Friday, November 26, 2010

About Choices

Last week I mentioned Nicole Krausse, author of Great House. In an interview on NPR, she speaks of the willful uncertainty she struggles to maintain as she writes, and which she instills in her characters. “I think the characters in this book are struggling,” she says — “and yet, it is their efforts to escape their solitude that makes them most alive.”

M. Scott Peck declares “life is difficult” in The Road Less Traveled. Why then choose a life in the arts? We already know that only a small percentage of those who do actually rise above poverty level with their art. Most have to surrender to a day job, teaching if they’re prepared for it and lucky, or something totally unrelated to their natural inclinations. My own experience of that evolved into feelings of self-betrayal. That sounds rather dramatic, even to me as I write, but I’ll stay with it. I was living a life that wasn’t mine. More drama there, I know. Krause says of her characters: "All of them are dissatisfied with that alienation or that isolation that they feel. They all quite desperately would like to be known, would like to be seen and understood, would like to communicate themselves. I feel the litheness and exhilaration of their effort. The effort to be known and go beyond solitude."

She’s even more dramatic than I am. I don’t think so much of “being known” but more about being who one is, comfortable in the self. I walked out of the life that I was living and took with me only my children. I left the country I had lived in for twenty-four years, an equally long marriage, a good job (I was offered chairmanship of the department when I tendered my resignation), and came back to this country in mid-life, full of fantasies and fears about the choice I was making. There is still some sadness about the comforts abandoned and (hard to admit this) the things I owned. But never anything even remotely like regret. This life I have is replete with uncertainty and struggle. And overflowing with the “litheness and exhilaration” Krausse speaks of.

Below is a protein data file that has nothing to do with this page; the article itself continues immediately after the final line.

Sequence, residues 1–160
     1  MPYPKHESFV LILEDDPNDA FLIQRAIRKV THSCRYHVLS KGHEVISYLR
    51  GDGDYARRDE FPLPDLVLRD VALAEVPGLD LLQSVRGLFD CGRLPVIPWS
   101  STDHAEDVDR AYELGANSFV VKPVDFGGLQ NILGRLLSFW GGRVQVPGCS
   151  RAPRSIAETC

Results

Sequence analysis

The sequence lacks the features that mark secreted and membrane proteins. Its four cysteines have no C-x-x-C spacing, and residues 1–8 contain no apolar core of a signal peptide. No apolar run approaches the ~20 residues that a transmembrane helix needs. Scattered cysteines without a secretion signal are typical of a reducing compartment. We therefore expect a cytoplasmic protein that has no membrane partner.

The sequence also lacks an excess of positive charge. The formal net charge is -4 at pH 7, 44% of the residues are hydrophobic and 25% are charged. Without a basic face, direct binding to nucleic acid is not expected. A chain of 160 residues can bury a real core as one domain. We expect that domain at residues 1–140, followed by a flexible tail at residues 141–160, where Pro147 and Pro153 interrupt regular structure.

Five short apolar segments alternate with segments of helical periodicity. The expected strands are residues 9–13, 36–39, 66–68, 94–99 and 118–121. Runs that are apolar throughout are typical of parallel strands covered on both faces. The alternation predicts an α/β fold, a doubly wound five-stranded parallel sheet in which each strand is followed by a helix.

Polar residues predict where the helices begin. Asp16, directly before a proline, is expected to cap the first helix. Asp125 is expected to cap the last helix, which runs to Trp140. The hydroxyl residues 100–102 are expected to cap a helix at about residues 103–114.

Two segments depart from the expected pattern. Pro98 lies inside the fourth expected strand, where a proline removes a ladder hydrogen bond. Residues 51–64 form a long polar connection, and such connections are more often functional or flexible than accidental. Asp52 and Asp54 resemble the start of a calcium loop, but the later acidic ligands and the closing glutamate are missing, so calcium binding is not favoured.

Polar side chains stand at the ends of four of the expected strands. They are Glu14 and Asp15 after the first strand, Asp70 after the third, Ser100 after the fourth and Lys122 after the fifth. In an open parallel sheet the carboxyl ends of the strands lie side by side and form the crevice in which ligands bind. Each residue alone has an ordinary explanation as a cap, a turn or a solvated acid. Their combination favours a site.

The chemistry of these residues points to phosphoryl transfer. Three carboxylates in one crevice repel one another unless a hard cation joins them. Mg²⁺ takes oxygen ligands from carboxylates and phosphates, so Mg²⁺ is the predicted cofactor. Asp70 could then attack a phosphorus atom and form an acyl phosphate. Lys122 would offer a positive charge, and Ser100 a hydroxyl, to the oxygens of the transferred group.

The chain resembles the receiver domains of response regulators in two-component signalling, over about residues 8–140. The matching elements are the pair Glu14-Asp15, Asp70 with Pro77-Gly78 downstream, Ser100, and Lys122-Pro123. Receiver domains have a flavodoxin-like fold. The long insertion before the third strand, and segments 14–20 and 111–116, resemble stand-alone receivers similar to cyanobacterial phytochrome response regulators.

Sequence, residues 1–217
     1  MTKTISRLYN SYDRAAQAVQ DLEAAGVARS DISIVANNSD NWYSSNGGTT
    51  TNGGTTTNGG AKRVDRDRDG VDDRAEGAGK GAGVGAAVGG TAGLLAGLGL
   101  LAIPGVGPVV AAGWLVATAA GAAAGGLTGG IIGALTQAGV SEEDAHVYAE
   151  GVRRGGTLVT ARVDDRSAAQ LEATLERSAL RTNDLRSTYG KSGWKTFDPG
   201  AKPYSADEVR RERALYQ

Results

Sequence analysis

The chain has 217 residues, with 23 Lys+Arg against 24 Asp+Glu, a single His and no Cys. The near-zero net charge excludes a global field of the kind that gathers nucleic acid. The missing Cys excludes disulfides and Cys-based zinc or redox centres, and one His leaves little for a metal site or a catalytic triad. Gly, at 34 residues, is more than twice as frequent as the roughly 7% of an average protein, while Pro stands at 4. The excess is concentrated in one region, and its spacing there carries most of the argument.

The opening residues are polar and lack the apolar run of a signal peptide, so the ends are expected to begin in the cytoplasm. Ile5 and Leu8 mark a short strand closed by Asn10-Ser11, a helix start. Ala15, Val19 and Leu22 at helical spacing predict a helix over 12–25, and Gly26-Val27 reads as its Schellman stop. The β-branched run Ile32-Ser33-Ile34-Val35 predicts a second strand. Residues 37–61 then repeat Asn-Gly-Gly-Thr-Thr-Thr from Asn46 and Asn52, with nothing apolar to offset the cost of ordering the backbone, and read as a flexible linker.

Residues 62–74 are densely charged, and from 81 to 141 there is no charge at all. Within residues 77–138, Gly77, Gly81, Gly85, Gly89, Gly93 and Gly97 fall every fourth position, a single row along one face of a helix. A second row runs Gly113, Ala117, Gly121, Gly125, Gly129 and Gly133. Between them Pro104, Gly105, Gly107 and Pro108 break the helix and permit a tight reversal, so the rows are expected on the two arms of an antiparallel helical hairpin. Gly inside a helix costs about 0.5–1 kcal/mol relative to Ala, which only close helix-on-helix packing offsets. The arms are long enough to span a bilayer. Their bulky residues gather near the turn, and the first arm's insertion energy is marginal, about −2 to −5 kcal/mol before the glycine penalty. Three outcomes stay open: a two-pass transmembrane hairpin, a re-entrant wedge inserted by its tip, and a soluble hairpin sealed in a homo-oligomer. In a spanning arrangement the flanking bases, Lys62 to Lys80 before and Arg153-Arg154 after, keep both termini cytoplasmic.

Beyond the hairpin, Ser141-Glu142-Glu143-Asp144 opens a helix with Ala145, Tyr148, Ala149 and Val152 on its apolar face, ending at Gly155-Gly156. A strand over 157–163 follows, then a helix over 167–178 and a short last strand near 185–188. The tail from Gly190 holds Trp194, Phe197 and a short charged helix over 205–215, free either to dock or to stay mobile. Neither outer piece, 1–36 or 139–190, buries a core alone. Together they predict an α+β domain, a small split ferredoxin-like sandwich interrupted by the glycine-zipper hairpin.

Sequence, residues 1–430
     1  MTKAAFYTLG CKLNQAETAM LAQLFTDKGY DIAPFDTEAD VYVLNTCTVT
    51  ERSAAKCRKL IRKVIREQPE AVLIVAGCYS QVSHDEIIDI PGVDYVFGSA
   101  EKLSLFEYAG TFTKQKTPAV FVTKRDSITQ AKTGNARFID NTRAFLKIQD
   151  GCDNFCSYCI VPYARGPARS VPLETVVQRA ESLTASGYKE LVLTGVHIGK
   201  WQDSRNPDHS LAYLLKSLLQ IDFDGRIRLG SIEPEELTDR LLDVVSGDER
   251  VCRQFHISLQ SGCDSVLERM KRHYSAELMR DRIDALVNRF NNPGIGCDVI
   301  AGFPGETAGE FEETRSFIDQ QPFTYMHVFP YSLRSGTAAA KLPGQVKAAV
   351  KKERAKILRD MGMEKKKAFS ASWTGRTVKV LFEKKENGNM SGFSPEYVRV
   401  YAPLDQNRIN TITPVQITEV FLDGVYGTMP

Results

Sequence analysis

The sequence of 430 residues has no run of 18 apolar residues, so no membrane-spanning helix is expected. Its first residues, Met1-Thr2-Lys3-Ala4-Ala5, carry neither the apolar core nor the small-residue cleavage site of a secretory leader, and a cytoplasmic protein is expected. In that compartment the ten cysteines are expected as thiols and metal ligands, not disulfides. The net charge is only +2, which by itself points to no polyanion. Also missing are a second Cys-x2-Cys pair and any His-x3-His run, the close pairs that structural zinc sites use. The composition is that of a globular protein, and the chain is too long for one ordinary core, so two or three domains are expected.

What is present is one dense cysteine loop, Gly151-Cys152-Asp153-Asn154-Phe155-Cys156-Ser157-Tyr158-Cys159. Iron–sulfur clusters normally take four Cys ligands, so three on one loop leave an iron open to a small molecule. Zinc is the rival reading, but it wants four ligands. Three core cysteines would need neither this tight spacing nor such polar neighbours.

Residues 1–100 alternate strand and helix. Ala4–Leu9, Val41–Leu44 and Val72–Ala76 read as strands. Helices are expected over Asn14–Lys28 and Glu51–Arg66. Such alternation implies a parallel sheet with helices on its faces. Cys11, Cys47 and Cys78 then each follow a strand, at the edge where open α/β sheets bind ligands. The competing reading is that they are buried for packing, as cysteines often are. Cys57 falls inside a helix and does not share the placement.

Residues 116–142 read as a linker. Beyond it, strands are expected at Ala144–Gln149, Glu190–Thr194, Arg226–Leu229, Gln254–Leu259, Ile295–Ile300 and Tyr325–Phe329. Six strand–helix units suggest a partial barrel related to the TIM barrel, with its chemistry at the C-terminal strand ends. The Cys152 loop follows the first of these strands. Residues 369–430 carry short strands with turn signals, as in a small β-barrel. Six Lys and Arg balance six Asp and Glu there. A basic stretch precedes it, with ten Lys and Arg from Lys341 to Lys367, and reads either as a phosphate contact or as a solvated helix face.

I try not to get this personal here; I start writing without intending to spiral inward in this way. I wish I were writing fiction because then I would speak of a character that I could design to my specifications. About painting, I wonder: “Does anyone see what I see?” And about the roads we take, “What reasons are there for choosing the more arduous one?”

The image above is Pulse, ©2008, Acrylic and Mixed Media Collage on Museum Board. For those who missed my open studio, remember that it is easy to purchase a fine print at my Etsy site, or if you are in the area, call to make an appointment for a studio visit.  


  1. Joan, snap out of it-I'm kidding! I understand some of the feelings you describe, I know that if I were prevented form doing my artwork I would suffer deeply, that knowing keeps me in line with all the rest. I may never make a decent wage on art sales but making artwork is certainly the joy in my life, it's never a burden. When I SEE your work Joan, I feel that joy.

  2. Great post, Joan. Thanks! Have a good weekend, see you Thursday.

  3. Thanks, Rachel. It's nice to get your response. I always question whether my experience can be of interest to anyone other than myself. Obviously, that doesn't stop me from writing. That doesn't seem to depend on anything but the need to say something now and then. Kind of keeps the thoughts from whirling around in the brain to put them down on paper (or the computer monitor). It just might be a way to safeguard one's sanity. I hope you had a good Thanksgiving.

  4. Thanks, Connie. Nothing like some applause to get the day off to a good start.